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U.S. Department of Health and Human Services

Medical Devices

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Safety Concerns about Bed Rails

The U.S. Consumer Product Safety Commission (CPSC) and the Food and Drug Administration (FDA) have received many death and injury reports related to both adult portable bed rail products and hospital bed rails. Most of these reports were for entrapment and falls. It is important to consider the bed rail type and whether or not a bed rail type product is appropriate when creating a safe sleeping environment that accounts for medical needs, comfort, and desire for freedom of movement.

People who want to be safe in bed should understand the risks associated with using bed rail products, take steps to ensure that they are installed and used correctly, and be aware that certain individuals should not use bed rails.

Adult bed rails should not be used as a restraint. They are intended to be assistive and should be used to facilitate mobility for those who need assistance getting in and out of bed or repositioning in bed.

Adult portable bed rails and hospital bed rails are not for everyone, nor every situation. Deaths and serious injuries can happen when using these products and devices. Even when portable bed rails and hospital bed rails are properly designed to reduce the risk of entrapment or falls, are compatible with the bed and mattress, and are used appropriately, they can present a hazard to certain individuals, particularly to people with physical limitations or altered mental status, such as dementia or delirium.

Consumer Product Safety Commission (CPSC) Reports about Adult Portable Bed Rails

According to the CPSC’s report “Adult Portable Bed Rail-Related Deaths, Injuries, and Potential Injuries,” the agency received reports of 155 deaths and 5 injuries related to adult portable bed rails from January 2003 to September 2012. Of the deaths:

  • 143 were related to rail entrapment;
  • 11 were related to falls on the bed rail; and
  • 1 victim hit his head on the rail.

The ages of those who died ranged from 14 to 103 years old; however 129 of the 155 deaths occurred in people who were 60 years and older.

About half of the death reports indicated that the victim had a diagnosed medical condition. The most reported conditions (from highest to lowest) were:

  • cardiovascular disease
  • Alzheimer’s disease, dementia, or other mental limitations
  • seizure
  • mobility limitations or paralysis
  • Parkinson’s disease
  • Cerebral palsy
  • multiple sclerosis
  • taking medication

Most of the deaths and injuries occurred at home (94). The rest occurred at nursing homes (25), assisted living facilities (15), hospice facilities (3), other (5), or unspecified locations (13).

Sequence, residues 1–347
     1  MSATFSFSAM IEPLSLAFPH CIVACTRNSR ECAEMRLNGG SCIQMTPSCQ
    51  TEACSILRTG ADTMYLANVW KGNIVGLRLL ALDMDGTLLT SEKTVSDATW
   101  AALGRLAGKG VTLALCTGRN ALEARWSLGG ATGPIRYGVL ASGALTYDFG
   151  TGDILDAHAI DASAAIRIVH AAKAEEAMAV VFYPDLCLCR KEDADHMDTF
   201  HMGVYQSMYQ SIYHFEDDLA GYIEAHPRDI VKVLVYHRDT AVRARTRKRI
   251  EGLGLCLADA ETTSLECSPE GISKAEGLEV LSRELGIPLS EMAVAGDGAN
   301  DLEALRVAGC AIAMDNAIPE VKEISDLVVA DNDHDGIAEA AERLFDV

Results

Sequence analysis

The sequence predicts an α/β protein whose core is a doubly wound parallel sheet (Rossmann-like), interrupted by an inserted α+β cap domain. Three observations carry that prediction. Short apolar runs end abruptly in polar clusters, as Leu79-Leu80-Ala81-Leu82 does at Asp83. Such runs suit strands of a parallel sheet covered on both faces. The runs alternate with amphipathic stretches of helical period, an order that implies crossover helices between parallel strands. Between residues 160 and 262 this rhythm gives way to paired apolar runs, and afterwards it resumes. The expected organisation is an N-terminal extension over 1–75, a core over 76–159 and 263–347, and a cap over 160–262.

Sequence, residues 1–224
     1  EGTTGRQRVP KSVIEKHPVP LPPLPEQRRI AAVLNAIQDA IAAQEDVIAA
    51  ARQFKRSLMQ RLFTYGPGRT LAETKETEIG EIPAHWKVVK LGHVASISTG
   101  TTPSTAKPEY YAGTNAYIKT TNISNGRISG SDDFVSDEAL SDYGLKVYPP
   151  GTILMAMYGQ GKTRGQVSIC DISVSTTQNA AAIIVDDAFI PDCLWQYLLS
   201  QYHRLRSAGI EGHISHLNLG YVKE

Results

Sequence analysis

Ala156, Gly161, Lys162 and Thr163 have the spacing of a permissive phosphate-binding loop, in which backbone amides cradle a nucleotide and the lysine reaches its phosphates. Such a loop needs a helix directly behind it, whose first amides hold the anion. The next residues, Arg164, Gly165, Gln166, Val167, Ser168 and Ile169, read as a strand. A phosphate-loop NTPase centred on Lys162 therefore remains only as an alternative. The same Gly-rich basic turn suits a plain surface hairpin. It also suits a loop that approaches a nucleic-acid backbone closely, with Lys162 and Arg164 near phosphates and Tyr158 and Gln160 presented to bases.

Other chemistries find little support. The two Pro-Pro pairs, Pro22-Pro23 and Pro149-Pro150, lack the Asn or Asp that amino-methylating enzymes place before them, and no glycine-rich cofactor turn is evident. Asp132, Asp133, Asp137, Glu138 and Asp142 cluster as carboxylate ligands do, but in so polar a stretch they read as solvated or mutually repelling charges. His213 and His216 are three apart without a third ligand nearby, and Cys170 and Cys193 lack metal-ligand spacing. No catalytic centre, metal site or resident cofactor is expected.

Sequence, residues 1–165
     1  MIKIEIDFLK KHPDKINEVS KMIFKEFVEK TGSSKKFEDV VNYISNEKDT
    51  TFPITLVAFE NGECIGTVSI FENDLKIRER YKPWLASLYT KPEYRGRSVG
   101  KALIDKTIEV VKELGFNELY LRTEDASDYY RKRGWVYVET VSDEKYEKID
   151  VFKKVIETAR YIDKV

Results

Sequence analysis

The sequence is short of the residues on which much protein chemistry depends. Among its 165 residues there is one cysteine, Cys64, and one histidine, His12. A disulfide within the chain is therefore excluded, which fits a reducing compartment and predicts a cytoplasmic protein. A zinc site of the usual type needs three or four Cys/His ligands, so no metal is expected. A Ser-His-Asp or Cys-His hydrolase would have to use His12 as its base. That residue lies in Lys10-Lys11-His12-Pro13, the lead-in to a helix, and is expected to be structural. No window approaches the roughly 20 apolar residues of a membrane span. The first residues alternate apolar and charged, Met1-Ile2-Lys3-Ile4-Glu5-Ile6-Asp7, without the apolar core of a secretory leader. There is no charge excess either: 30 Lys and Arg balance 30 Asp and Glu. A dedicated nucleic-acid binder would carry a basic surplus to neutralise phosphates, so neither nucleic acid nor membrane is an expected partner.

What were the cause of deaths and injuries?

The CPSC report “Adult Portable Bed Rail-Related Deaths, Injuries, and Potential Injuries,” indicates the two most common causes of deaths and injuries were rail entrapment (145) and falls (11).

Rail entrapment occurred when the victim was caught, stuck, wedged, or trapped between the mattress/bed and the bed rail, between bed rail bars, between a commode and rail, between the floor and rail, or between the headboard and rail. Based on the reports, the most commonly injured body parts were the neck and head and most of these events (143 out of 145) resulted in fatalities. Please visit the FDA’s Hospital Bed System Dimensional and Assessment Guidance to Reduce Entrapment to view images of various types of entrapment.

Falls occurred when the victim fell off the bed rail, climbed over the bed rail, fell and hit the bed rail or fell due to an unraised bed rail. All fall events resulted in death.

The CPSC also reviewed bed rail injuries through the National Electronic Injury Surveillance System (NEISS), which gathers information about hospital emergency room visits and develops nationwide estimates based on the collected data. According to the NEISS, there were an estimated 36,900 adult portable bed rail-related injuries that were treated in U.S. hospital emergency departments from January 2003 to December 2011. Most injuries occurred to the head, lower leg and foot, and included cuts (laceration), bruising and scrapes (contusions/abrasions), and cracked or broken bones (fractures).

Food and Drug Administration Reports about Hospital Bed Rails and Portable Bed Rails

The FDA received medical device reports (also called MDRs) showing 901 incidents of patients caught, trapped, entangled, or strangled in hospital beds between January 1, 1985 and January 1, 2013. The reports included 531 deaths, 151 nonfatal injuries, and 220 cases where staff needed to intervene to prevent injuries, also called near misses. Most patients were frail, elderly or disoriented.

Additionally, seven death reports associated with portable bed rails were submitted to the FDA from 2005-2013.